The recently completed US Department of Justice (DOJ) investigation into Ferguson’s police department highlighted “the City’s focus on revenue rather than … public safety needs” when setting law enforcement priorities. It noted that fines and forfeitures nearly doubled as a share of the city’s general fund revenues from fiscal years 2010 to 2015 (from 12 to 23 percent), while fines for everyday offenses like “weeds/tall grass” often exceeded $100 (versus $5 in some neighboring communities).
The DOJ did not show how Ferguson stacks up against other US cities, or how its finances have changed over time. Thanks to recently released Census data, we can see how it compares.
And the data show that Ferguson is an outlier.
In fiscal 2012, the city derived 12.9 percent of its general revenues from fines and forfeitures, compared with 2.5 percent in other Missouri cities. The comparable share for all mid-sized US cities (with 5,000 to 50,000 people) was 1.8 percent.
Population change does not explain differences
Ferguson lost more than a quarter of its population between 1972 and 2012, shrinking from about 29,000 to 21,000 residents. But my colleague Sarah Gault and I found that in other cities that shrunk by more than a quarter over the past 40 years, fines and forfeitures provided 1.6 percent of general revenues.
Ferguson shifted from predominantly white (74 percent) in 1990 to predominantly black (67 percent) in 2010. Other US cities that have gone through a similar minority-to-majority transition derived 1.7 percent of fiscal 2012 general revenues from fines and forfeitures.
The comparisons don’t look any different if we consider other places like Ferguson with household incomes in the $40,000 to $50,000 per year range. They are the same for other majority (greater than 55 percent) black US cities.
Where does the money go? Ferguson spent 40 percent of its general expenditures on public safety in 2012. This was higher than other Missouri cities (28 percent) or comparably sized US municipalities (29 percent). However, public safety is often the largest spending category for US cities, and Ferguson’s allocations across budget categories have remained fairly constant since 1972.
Some hypotheses: Tax limitations, intergovernmental aid, and political fragmentation
So what’s going on? Like a lot states, Missouri got swept up in the tax revolt movement of the late 1970s. Voters passed several initiatives to limit taxes, most prominently the so-called Hancock Amendment limiting taxes to a fixed percentage of personal income and requiring voter approval for any tax increases beyond a minimal threshold. In Ferguson, as in a lot of US cities, property tax collections fell immediately afterwards, and user fees and charges grew to take their place.
But, as Governing and Better Together have shown, while Ferguson is an outlier, it is by no means the most extreme Missouri city in its reliance on fines and forfeitures. It is not even in the top 20; that distinction goes to several smaller jurisdictions, most with populations of fewer than 5,000 people.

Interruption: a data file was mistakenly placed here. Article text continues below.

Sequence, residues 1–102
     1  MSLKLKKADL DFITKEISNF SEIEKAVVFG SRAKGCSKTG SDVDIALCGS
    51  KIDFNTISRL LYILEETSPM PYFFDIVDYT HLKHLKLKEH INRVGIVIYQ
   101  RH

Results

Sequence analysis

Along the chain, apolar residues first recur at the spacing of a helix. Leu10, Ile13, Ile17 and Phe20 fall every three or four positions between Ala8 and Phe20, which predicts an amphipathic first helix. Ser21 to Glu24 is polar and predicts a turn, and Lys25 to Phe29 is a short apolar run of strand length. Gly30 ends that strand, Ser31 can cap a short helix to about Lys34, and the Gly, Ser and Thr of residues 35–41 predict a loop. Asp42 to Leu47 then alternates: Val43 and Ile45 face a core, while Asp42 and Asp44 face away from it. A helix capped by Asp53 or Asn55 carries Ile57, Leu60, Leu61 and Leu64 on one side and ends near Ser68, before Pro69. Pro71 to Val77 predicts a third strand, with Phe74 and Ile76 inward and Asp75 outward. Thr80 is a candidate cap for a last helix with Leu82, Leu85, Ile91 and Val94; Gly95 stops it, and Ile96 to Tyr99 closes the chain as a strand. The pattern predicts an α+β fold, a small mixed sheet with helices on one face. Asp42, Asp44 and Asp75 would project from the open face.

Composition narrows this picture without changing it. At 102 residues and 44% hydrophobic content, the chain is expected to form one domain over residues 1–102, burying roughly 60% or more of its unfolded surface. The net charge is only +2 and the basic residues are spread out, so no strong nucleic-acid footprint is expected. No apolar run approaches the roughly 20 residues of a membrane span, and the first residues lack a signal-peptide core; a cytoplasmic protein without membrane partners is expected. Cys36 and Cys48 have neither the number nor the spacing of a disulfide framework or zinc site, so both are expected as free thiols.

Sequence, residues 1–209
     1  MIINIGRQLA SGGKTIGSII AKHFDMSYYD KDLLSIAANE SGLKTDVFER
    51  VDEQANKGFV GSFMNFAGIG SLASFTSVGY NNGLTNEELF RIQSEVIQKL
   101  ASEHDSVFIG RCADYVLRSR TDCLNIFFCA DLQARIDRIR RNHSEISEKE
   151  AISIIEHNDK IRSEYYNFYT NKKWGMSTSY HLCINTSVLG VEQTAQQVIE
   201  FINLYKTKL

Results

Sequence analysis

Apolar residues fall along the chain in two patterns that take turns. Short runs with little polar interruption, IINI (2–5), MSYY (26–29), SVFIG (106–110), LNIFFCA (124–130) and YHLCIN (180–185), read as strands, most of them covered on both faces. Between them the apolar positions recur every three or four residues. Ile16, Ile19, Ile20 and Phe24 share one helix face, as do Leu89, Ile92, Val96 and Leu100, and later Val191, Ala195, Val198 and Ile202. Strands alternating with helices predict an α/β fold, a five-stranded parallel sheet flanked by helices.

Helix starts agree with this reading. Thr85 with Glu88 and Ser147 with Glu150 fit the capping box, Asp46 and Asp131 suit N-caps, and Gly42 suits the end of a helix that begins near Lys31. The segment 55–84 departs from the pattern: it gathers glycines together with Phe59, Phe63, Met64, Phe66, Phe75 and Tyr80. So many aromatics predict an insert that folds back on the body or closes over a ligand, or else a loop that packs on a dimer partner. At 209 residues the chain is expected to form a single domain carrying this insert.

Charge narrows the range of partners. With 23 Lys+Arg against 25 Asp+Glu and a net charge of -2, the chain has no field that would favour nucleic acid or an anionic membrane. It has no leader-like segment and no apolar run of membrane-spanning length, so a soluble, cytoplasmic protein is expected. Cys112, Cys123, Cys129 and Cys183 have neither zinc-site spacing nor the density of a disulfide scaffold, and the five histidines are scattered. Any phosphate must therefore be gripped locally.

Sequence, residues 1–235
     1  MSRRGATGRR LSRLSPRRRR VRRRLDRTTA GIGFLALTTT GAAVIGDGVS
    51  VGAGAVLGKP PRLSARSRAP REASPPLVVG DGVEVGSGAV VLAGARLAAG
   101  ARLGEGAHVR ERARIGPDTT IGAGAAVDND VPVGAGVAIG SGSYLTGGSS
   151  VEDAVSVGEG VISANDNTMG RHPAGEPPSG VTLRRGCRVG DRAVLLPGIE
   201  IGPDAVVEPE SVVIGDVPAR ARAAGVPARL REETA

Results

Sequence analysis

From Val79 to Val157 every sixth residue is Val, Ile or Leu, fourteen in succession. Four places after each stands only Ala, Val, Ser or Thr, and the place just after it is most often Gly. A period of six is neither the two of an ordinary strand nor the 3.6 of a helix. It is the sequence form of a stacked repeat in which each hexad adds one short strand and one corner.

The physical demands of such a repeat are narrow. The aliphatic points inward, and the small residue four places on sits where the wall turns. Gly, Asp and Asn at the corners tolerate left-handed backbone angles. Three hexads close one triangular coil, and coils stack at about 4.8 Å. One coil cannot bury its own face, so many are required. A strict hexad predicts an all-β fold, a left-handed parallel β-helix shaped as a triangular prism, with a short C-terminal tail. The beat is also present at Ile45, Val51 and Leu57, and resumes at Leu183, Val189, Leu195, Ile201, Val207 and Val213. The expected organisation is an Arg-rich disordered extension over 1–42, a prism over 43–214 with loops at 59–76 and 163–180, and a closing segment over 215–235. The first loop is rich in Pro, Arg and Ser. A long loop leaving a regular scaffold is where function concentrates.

Another outgrowth of the tax limitation movement was that cities became more dependent on higher levels of government. In Ferguson, intergovernmental transfers rose by 50 percent from 1977 to 1982 (though this total includes the city's share of St. Louis County sales tax revenue sharing pool). Intergovernmental aid spiked again in the 1990s, and then in 2009 with passage of the US Recovery and Reinvestment Act. Although Census only provides detail on fines and forfeitures after 2007, it’s interesting to note that the latest uptick coincides with the withdrawal of federal stimulus payments.
Other commentators have offered explanations for Ferguson’s troubles ranging from government bloat to off cycle elections to political fragmentation. Ferguson’s small size may make it especially prone to relying on higher levels of government or excessive penalties as opposed to taxes or user fees. Small cities have also been at the center of corruption scandals in California.
The Great Recession was tough on city budgets, leaving many places struggling to make ends meet and pushing a few over the edge into municipal bankruptcy. Now revenues are coming back, but some observers worry about a “new normal” of sluggish growth due to wage stagnation, anti-tax sentiment, and ongoing federal policy uncertainty.
One thing is clear: there is a model of cities in which voters get valued services from government and in return are willing to pay higher property taxes and user fees. Excessive penalties are more like the concept of “tax exporting,” or getting tourists and other non-residents to pay a bigger tax share. Penalties for violations of the law should be used to deter criminal behavior, not to export taxes to your own citizens.
This is not the new normal.